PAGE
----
Next important point: Could Boise State still get into the BCS ahead of Houston? Probably not. The BCS selection rules give the "automatic non-AQ spot" to the highest-ranked conference champion. Unless TCU loses to both Colorado State and UNLV in its last two games, then Boise will not be the champions of the Mountain West Conference, and currently No. 11 Houston will still get in.

Last bit of significance: The odds of a rematch between LSU and Alabama if Oklahoma State loses -- and I don't think the Cowboys will drop a game, but that's beside the point right now -- are still relatively high. Stanford and Boise losing obviously helps out a lot. But to be absolutely sure, I want to see what happens after the Tide plays Georgia Southern. If their strength of schedule continues to hold up to Oregon and Oklahoma, I think it might do that regardless of what else happens. If Auburn remains ranked.

What? Auburn's ranked? According to the BCS standings, they are indeed. You can blame the computers for that one. While Auburn gets 16 points from the Harris Poll voters, they aren't ranked in either human poll. The computers, though, love the Tigers -- only the Colley Matrix has them outside the Top 25. Jeff Sagarin has them showing up at 15th. Fortunately, that result is dropped from the rankings before they're calculated.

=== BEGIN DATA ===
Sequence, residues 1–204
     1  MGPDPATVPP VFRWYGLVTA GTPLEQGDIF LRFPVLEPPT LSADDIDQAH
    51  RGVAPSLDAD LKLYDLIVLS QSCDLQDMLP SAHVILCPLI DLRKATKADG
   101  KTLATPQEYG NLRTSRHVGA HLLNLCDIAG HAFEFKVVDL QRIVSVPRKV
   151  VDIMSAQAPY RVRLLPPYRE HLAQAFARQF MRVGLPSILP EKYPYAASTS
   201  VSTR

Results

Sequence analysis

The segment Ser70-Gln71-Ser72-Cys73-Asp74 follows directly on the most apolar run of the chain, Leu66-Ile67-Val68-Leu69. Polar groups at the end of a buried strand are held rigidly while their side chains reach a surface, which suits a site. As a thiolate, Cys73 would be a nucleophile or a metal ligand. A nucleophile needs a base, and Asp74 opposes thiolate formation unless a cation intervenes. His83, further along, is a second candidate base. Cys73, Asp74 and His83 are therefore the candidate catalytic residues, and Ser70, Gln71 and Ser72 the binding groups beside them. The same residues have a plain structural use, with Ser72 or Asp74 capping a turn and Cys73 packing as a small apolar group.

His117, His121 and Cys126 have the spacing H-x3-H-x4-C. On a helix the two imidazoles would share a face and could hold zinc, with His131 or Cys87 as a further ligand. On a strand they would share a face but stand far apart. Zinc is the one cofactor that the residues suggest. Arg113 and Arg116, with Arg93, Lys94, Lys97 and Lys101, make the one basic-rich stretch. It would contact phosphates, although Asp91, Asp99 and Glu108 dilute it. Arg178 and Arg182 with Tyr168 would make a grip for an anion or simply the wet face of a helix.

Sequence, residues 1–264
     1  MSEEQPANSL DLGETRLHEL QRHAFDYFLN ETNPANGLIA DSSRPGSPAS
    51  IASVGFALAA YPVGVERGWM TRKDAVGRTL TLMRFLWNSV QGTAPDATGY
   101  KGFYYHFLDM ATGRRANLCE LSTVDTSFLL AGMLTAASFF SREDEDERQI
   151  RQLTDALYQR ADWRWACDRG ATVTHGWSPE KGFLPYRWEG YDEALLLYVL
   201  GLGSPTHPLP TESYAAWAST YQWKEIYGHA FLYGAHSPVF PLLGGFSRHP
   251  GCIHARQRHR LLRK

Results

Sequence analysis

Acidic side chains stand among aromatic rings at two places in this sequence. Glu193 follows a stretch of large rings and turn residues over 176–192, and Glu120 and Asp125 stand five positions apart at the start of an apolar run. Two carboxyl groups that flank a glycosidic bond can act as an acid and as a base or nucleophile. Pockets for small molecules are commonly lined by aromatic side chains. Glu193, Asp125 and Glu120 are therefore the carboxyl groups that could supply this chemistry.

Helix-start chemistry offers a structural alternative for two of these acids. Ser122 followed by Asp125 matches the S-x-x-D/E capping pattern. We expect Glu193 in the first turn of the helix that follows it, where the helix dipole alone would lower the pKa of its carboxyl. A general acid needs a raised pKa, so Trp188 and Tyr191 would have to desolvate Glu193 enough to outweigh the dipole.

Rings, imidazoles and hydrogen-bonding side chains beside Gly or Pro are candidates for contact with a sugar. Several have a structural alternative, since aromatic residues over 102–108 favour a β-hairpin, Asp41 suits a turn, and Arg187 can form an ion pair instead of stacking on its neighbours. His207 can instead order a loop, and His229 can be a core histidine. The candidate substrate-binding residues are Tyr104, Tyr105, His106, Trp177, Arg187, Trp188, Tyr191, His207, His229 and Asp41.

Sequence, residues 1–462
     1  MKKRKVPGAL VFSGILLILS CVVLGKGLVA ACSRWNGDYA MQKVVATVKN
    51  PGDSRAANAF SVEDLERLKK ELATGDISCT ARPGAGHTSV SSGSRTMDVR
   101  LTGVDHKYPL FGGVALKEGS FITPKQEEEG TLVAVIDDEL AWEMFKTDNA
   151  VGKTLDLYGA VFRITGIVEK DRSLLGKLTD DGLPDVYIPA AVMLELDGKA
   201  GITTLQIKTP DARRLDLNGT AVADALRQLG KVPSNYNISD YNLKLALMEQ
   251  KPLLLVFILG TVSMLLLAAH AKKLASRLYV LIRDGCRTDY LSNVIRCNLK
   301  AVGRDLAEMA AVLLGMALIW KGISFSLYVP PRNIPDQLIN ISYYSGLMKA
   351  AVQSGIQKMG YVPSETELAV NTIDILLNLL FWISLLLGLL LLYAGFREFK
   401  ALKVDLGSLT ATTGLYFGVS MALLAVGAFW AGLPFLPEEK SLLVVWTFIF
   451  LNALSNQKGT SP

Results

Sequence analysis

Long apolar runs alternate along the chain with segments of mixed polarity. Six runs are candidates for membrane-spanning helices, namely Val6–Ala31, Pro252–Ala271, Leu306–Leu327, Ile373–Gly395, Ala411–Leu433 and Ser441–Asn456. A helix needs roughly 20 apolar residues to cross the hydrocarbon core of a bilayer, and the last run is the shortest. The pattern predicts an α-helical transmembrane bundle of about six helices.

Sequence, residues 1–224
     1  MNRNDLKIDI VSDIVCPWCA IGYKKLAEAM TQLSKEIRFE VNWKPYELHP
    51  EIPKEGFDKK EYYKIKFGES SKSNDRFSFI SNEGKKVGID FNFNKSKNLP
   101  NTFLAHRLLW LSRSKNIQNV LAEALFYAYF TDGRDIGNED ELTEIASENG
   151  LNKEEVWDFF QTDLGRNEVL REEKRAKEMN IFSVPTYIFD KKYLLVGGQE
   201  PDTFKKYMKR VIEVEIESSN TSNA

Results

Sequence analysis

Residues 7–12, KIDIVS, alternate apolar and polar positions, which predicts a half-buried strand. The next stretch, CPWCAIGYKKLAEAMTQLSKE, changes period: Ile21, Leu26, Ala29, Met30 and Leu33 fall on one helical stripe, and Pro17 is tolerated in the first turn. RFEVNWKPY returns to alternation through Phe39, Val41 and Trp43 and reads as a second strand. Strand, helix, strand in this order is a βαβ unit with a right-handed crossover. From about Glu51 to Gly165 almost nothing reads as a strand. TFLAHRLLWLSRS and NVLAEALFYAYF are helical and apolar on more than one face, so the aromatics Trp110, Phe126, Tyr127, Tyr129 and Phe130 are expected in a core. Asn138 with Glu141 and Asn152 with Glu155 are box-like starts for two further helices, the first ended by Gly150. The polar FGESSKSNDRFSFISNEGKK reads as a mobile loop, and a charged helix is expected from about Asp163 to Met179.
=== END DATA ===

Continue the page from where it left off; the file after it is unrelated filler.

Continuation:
Now, let's go through our bowl-seeding exercise for this week. Again, this is meant to be a snapshot and not a projection; it will change week-to-week as the rankings do. Conference championships and head-to-head are decided by the highest BCS rankings, regardless of what I think will happen. The one exception is Cincinnati, because they're in the lead in the Big East right now and no conference teams are ranked.

BCS National Championship Game: LSU vs. Oklahoma State
Rose Bowl: Oregon vs. Michigan State
Fiesta Bowl: Oklahoma vs. Stanford
Sugar Bowl: Alabama vs. Houston
Orange Bowl: Clemson vs. Cincinnati

The first two are self-explanatory; the Fiesta then takes Oklahoma to fill its Big 12 spot while the Sugar Bowl takes Alabama as the SEC replacement. Stanford makes the most sense for the Fiesta after that, and Houston fans would probably travel well to New Orleans for the Sugar Bowl. And I become a Cincinnati fan for the night, because the Bearcats have to go somewhere and the Orange Bowl selects last.

I like a lot of these games, though as much as I like Mark Dantonio I'm not sure Michigan State would be in that game for much more than a quarter. Oklahoma-Stanford could be the NFL Draft Bowl if Landry Jones decided to skip his senior year, while Alabama-Houston gives us a sequel of Alabama-Utah with what will hopefully be a better ending. Clemson-Cincinnati could get very, very ugly very, very early.

Richard Billingsley is actually relatively well-behaved this week, though he tragically overranks Wisconsin, still joins me in hating Texas more than the rest of the computers, and is skeptical of Kansas State and Georgia while being really, really high on Michigan State (No. 12). That said, at least he doesn't rank Auburn at No. 15 (they're 21st), so that's a start.